by Watts S. Humphrey - There are many reasons for teams to be ineffective, but the most common problems fall into one or more of these four categories: inadequate resources, leadership problems, impossible goals, and morale problems.
A team of six developers was told to plan their next project. Only one developer was assigned full-time to the job, and she was acting as temporary team leader. The other five developers each had another full-time job, and two were working on two other projects. Projects were only fully staffed when they became crises. While the hot projects ultimately got done, they were always late and the customers were always irate.
When organizations do not realistically address their resource problems, their projects are always in trouble, and they stay in trouble either until new management is brought in or the company goes out of business. To get a job done, management must dedicate developers to the work. Then, these developers will know that the job is important and be able to ignore almost everything else.
When teams have leadership problems, they lose the excitement and energy that produces superior products. One example is Ken's team. Ken had extensive management experience and was the logical choice to lead the next team, using a process-improvement framework called the Team Software Process (TSP). He had all the right technical qualifications, but he did not believe that the TSP would improve his team's performance. As he said, "We're in a hurry and don't have time for that stuff."
When Ken's product was completed, the results were disappointing. Every other TSP team had sharply reduced test defects and cut test time, but Ken's team was very late and spent over half of the schedule in test. Management found that Ken's attitude had cost the company over $1 million. They could no longer afford to use Ken as a team leader. He soon left the company.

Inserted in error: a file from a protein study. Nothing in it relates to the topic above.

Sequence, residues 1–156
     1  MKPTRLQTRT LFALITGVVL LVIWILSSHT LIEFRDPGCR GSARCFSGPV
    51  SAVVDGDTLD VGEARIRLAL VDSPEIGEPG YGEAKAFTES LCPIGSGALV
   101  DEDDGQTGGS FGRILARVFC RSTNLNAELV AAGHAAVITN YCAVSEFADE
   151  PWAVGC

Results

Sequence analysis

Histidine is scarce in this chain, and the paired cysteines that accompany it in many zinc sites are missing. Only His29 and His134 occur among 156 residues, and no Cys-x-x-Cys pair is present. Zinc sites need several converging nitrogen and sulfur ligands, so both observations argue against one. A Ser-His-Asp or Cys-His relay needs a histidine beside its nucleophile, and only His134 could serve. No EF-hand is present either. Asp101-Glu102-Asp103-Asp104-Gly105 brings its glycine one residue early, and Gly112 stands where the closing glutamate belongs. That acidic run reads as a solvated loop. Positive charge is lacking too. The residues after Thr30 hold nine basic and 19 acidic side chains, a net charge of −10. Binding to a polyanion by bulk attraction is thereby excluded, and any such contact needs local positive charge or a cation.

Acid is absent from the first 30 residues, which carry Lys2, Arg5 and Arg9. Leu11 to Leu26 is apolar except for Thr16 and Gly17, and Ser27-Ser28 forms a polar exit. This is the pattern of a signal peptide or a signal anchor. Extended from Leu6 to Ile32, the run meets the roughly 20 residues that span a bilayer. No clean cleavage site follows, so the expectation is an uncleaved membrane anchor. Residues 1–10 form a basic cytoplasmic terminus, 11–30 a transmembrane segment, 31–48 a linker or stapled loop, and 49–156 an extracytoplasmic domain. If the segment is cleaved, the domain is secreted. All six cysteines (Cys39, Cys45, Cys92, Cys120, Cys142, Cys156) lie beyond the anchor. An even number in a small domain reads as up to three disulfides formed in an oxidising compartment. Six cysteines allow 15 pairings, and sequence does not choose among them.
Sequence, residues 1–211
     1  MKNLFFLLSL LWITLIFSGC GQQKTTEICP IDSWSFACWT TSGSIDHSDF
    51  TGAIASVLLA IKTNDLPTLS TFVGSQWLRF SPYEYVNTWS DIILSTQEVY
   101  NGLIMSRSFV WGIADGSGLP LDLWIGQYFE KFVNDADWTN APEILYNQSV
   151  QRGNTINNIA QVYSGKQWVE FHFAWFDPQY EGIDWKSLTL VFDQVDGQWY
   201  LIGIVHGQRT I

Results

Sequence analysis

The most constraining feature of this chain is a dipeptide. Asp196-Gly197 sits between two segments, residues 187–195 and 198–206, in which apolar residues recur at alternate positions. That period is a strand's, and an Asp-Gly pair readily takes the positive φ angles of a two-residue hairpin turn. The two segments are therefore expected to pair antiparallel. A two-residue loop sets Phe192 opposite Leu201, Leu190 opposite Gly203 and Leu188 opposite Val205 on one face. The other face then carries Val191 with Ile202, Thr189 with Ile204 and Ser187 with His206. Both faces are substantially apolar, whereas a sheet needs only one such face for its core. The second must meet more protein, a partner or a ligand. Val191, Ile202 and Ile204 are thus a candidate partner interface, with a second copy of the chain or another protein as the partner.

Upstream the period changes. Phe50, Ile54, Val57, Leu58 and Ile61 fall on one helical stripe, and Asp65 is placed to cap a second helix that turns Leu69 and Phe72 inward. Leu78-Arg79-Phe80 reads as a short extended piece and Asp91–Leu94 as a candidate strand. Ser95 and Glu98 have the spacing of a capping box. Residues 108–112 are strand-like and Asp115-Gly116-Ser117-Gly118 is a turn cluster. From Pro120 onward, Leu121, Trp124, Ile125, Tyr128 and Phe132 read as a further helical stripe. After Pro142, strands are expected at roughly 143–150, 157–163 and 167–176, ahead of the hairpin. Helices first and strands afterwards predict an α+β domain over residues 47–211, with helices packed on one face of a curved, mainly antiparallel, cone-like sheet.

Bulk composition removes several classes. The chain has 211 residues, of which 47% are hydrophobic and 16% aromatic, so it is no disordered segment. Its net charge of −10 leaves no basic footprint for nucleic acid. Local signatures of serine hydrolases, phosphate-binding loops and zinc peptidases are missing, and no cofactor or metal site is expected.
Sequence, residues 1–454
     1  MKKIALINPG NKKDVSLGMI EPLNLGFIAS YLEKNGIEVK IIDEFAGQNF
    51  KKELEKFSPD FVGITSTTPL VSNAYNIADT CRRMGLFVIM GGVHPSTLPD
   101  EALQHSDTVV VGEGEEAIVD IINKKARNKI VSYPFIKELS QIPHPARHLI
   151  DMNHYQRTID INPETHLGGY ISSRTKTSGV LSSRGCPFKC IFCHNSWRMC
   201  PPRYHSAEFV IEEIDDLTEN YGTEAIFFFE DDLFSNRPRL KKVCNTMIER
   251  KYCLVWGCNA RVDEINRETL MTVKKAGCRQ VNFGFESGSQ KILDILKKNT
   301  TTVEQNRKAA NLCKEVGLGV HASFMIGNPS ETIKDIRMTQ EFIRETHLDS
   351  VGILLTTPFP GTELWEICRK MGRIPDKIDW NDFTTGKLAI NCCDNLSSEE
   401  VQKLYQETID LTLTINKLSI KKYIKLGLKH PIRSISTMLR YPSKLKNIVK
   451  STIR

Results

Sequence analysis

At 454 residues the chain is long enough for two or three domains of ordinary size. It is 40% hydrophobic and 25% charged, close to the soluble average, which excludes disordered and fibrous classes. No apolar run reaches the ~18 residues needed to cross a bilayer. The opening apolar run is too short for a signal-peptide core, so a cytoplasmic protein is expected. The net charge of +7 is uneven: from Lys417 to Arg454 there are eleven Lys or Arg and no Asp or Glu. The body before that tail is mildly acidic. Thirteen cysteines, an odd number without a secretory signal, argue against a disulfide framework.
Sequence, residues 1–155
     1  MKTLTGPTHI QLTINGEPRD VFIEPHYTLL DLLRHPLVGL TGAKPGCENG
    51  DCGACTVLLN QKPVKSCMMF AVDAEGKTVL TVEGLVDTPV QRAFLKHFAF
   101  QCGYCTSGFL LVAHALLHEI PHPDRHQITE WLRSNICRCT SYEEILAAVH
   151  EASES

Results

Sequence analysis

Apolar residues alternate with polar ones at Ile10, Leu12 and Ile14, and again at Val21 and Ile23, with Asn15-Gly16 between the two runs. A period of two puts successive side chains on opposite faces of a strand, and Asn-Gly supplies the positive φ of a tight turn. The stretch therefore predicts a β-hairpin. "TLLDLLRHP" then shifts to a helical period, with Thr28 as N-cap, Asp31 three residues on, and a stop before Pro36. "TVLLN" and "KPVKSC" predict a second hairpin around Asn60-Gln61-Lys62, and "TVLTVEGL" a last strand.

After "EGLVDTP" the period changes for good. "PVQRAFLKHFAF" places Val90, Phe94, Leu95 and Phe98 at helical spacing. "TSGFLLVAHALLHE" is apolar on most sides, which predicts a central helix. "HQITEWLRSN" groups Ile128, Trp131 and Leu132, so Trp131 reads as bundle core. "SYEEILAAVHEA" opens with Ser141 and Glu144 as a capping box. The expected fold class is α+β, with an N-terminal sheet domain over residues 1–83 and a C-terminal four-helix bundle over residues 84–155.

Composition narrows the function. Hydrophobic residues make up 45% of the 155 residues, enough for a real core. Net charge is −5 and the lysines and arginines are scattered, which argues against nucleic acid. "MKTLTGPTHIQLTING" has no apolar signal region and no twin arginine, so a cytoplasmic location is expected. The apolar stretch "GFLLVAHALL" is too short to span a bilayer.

What makes impossible goals so damaging is that teams generally strive to meet them, and then they make counterproductive decisions in a panicked attempt to do the impossible. If they had recognized that the goals were impossible and ignored them, they would have been better off. The most common situation is an unrealistically short development schedule. When teams work to impossible schedules, they often race through the requirements and design work so they can start coding. However, with poor requirements and incomplete designs, the schedule problems will only get worse./p>
Thorough planning, responsible commitments, and quality work will generally pay off. The key is for teams to make plans that they are willing to commit to and to then vigorously defend their plans.
When developers are frustrated about their jobs, thinking that the project is badly managed, or are unable to do quality work, they get upset and their performance suffers.
One company had been secretly negotiating a merger with another company, and for legal reasons, they would have to divest some operations. The same week that management announced required overtime, they also announced that this project's division was to be divested. Morale took a nose dive. These developers were now afraid of losing their jobs. Project performance declined so sharply that the customer cancelled the contract and the team was disbanded.
This tip is excerpted from Reflections on Management: How to Manage Your Software Projects, Your Teams, Your Boss, and Yourself, authored by Watts S. Humphrey, with William R. Thomas, published by Addison-Wesley Professional, April 2010, ISBN 032171153X, Copyright 2010 Pearson Education, Inc. For a complete table of contents please visit: informit.com/title/032171153X
For more project management tips, see:
IT management: How to create and lead a committed team
Project management: Scrapping a doomed project
Four things project managers can learn from base coaches
Prioritizing IT projects